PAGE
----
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3 Reasons Why Your Water Well Isn't Pumping Water

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Do you have a water well on your property? Has it stopped pumping water into your home? A dysfunctional water well can limit your ability to cook, bathe, clean, and perform any number of critical functions. You may be worried that you need costly repairs on your current well or that you need a new well altogether. That may very well be true. However, there are a few simple troubleshooting steps that you should try before you call out your water well drilling company. It's very possible that your well's issue may be very simple. Here are three issues you can check yourself:

The well doesn't have any power. This is one of the most common reasons why water wells won't work. Your water well draws on electricity to function. Just like every other electrical device in your house, it's connected to a circuit, which is controlled by a circuit breaker. If too much power flows through the circuit, the breaker trips to prevent the device from being overloaded with electricity.

Before you do anything else, check your water well's breaker. If it's tripped, it should be in an obvious off position. Flip it back on. Even if it's not tripped, it can't hurt to try flipping it off and then back on. Wait a few minutes and see if the well kicks on. If so, you've solved the problem. If not, you have more investigating to do.

The pressure switch is turned off. If you ever have a broken pipe or faucet, it's possible that water could run continuously, effectively draining your water well. To combat this threat, water wells are equipped with pressure switches. When there's too much pressure in the system, as would be the case if a pipe burst, the switch will flip off, preventing any additional water from exiting the well.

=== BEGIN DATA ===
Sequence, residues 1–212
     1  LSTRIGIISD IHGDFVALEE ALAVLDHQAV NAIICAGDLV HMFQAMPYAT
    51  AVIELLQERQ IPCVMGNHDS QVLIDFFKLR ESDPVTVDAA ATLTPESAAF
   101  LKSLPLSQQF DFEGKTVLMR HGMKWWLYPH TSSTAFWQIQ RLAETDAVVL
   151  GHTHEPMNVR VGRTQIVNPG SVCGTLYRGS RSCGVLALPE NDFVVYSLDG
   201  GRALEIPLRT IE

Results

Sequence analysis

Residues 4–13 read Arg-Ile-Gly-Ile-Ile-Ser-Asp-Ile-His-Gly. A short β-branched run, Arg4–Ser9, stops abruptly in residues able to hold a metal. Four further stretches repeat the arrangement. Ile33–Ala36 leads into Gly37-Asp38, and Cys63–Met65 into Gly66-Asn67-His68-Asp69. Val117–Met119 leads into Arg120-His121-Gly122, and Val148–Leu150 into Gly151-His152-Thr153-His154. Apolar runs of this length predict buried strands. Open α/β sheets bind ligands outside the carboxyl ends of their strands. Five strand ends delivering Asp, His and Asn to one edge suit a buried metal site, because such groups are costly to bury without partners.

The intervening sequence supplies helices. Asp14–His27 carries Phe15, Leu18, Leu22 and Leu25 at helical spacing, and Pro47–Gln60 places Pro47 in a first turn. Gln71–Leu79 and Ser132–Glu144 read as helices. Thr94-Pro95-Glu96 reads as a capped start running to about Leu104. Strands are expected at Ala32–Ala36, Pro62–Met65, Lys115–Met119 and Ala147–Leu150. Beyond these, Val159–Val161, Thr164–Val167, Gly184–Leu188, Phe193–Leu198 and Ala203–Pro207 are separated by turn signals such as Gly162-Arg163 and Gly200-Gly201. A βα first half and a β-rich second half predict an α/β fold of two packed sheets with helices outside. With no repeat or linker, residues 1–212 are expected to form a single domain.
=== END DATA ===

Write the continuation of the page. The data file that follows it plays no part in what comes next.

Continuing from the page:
It's possible that there could have been too much drawn on the system at some point. For example, if you had the washing machine and dishwasher running while multiple people were taking showers, the system could build up too much and the pressure switch could flip. Find a gray box that sits on the pipe running from your well to the house. There should be a bar on the side. Try flipping that bar off and then on and then try your water supply. If you have water, then the pressure switch was the problem.

The pressure tank is water logged. Your system also has a pressure tank that must stay at an exactly correct amount of air pressure. When the pressure in the tank changes, that signals the system to begin drawing water. However, it's possible sometimes for the pressure tank to become logged with water, meaning that the system can't detect any changes in pressure, so no water is ever sent. Your water well documentation should tell you how much pressure you need in the tank. The tank should be above ground level and should have a valve, so you can check it with a tire gauge. If the pressure is off, you'll need to have the tank drained.

If none of these solutions do the trick, you may need to call a water well drilling company, such as Hudson Valley Drilling. They can look at your well and see if there's a blockage or if the well is dry. If so, they can suggest repair options.


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